D.C. SONGWRITER AND MUSIC TEACHER ALAN SCOTT DEBUTS “YOU ONLY SEE ME WHEN I’M GONE”
VIDEO, DIRECTED BY LENNY BASS, PREMIERES
FEATURING GWEN CARR, MOTHER OF ERIC GARNER
D.C. songwriter and music teacher Alan Scott debuted his new song “You Only See Me When I’m Gone,” a song written and recorded in the wake of incidents in Ferguson and Baltimore and mass shootings in Charleston, SC. on Sunday, July 17, the anniversary of Eric Garner’s death. Scott and Mark Williams produced the song, which is available HERE, and the Lenny Bass-directed video also features Gwen Carr, the mother of Eric Garner. Watch it here: HERE.
“As a songwriter, I have always found a way to take my sadness and grief, my joy and hope, and give it a place in the air, in the music,” says Scott of the song. “I felt powerless in the wake of such tragedy, anger and loss. And out of that powerlessness, the words just came. My song is a reaction to the media marginalization of Black identity—which is infinitely diverse, combined with the message to youth that ‘this is what you can expect.’”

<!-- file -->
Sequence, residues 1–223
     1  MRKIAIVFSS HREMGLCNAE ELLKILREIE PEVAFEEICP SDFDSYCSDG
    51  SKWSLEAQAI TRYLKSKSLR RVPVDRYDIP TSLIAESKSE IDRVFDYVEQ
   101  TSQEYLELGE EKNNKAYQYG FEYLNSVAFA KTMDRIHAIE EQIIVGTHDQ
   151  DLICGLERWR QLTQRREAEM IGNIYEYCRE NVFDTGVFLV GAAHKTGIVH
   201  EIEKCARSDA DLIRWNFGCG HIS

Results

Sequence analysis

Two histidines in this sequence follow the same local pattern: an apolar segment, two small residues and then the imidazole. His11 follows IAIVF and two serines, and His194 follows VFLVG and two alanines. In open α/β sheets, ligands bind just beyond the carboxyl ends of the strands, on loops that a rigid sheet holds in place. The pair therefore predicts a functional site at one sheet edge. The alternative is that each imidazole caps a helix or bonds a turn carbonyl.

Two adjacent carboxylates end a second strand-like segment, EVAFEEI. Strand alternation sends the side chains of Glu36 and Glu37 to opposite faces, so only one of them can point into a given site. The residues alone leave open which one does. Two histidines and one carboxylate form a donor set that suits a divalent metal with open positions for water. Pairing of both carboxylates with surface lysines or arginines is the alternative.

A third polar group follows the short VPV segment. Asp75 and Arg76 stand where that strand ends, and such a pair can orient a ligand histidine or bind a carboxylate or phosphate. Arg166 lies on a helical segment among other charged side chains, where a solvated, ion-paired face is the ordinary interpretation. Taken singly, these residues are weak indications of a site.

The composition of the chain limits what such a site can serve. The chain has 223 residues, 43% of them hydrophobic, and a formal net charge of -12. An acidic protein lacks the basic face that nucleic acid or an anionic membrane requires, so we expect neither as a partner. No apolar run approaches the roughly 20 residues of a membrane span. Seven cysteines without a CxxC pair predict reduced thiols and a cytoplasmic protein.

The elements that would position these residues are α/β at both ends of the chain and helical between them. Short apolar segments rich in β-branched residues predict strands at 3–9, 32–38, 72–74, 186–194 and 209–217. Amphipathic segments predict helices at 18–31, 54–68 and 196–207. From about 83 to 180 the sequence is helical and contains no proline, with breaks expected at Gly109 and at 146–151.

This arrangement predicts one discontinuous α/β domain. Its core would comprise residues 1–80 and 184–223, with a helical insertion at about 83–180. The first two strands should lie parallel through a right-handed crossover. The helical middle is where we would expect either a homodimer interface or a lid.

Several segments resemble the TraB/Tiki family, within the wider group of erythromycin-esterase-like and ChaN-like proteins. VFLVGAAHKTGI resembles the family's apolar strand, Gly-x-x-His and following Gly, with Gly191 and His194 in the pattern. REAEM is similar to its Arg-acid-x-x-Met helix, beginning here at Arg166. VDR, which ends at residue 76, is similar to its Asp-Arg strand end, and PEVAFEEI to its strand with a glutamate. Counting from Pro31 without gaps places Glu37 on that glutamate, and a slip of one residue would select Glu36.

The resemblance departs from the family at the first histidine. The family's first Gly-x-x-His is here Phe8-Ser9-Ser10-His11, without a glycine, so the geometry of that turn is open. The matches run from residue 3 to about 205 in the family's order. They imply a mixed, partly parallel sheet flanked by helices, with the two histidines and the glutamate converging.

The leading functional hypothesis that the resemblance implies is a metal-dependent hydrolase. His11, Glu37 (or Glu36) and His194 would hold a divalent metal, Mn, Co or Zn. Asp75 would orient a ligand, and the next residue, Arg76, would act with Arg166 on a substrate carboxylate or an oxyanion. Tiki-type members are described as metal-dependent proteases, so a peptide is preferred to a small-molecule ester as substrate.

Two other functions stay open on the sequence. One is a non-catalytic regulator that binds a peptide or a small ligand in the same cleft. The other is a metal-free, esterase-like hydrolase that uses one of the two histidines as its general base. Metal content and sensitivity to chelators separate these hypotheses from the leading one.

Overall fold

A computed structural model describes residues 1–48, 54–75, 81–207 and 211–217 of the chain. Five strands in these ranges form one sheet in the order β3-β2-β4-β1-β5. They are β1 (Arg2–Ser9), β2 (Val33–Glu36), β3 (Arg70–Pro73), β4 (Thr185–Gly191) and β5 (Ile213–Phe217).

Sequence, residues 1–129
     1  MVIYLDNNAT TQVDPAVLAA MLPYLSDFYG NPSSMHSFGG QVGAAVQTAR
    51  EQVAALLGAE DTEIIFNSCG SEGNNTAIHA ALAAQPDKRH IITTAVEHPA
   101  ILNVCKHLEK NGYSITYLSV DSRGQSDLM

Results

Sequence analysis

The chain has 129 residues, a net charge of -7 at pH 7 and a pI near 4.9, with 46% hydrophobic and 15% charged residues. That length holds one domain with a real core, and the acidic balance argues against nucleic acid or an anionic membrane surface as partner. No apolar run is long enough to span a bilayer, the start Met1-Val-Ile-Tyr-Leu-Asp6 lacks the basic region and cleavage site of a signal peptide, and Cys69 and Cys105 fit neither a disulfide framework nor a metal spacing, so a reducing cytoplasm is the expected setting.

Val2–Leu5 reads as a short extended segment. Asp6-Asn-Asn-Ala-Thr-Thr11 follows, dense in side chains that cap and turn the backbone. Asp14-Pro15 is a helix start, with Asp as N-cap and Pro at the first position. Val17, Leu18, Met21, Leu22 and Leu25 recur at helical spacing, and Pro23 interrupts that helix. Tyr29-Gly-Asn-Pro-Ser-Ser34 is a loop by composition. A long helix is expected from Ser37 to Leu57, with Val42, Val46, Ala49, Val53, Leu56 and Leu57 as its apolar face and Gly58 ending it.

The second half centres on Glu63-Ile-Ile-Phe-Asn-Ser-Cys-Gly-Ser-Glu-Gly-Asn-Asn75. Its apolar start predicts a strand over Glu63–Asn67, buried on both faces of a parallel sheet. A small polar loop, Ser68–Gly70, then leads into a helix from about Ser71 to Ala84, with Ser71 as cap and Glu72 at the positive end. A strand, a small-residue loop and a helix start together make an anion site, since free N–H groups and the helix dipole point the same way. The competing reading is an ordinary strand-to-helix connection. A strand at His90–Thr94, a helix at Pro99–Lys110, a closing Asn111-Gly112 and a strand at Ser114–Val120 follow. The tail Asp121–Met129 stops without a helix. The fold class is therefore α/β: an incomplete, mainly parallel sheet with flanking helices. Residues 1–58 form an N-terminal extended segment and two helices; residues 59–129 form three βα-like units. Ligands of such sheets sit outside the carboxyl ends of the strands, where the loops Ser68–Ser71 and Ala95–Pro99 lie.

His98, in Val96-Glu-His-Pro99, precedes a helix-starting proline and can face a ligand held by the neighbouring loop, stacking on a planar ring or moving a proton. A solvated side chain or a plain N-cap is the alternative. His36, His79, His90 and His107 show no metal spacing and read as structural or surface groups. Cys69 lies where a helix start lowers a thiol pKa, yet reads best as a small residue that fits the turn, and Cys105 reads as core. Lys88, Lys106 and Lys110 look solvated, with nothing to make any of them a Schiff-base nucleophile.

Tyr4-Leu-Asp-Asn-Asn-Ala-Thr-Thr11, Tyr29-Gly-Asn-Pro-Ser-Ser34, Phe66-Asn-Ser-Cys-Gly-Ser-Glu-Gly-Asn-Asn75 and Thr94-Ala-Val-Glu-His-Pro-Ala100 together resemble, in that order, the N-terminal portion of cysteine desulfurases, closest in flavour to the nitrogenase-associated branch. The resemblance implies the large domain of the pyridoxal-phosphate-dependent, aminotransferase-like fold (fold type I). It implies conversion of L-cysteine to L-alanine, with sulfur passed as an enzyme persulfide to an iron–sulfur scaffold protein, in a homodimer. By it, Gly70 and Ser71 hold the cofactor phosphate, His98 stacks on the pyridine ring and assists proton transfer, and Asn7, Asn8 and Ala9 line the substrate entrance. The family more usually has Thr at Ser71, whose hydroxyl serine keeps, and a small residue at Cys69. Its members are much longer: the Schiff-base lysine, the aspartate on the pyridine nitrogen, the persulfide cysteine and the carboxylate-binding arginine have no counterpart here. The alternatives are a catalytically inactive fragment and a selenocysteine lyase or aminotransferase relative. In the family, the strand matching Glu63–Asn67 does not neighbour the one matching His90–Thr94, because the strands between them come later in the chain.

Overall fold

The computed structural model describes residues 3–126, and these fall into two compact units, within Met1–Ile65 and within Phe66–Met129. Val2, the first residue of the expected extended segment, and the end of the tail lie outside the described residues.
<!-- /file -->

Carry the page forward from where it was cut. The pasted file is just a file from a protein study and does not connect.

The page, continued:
Scott connected with Lenny Bass—a celebrated director who has made videos for De La Soul, Charlie Wilson, Anthony Hamilton, Jill Scott and more—to create a video for the song. The two shot the video, alongside production company Grand Large, over four days in Bass’s native Staten Island.
“From the beginning Alan was adamant about this video humanizing and decriminalizing the black community,” says Bass. “He wanted to reframe the picture created by all forms of media and their depiction of the black existence. He pointed to the lyric in the song ‘you only see me when I’m gone,’ which made us naturally ask the question, ‘Who were these people when they were alive?’ From there we spoke about portraits that would properly tell the story, a series of images that would properly represent a community that is more than what we see on the five o’clock news.”
Bass, the son of a police officer, returned home and reached out to friends and family everywhere to be featured in the video. One such interaction led him to a childhood friend who was close with the family of Eric Garner, a Staten Island father who was murdered by police in 2014. Garner’s mother, Gwen Carr, was inspired by the song and agreed to appear in the video to discuss her son’s death.
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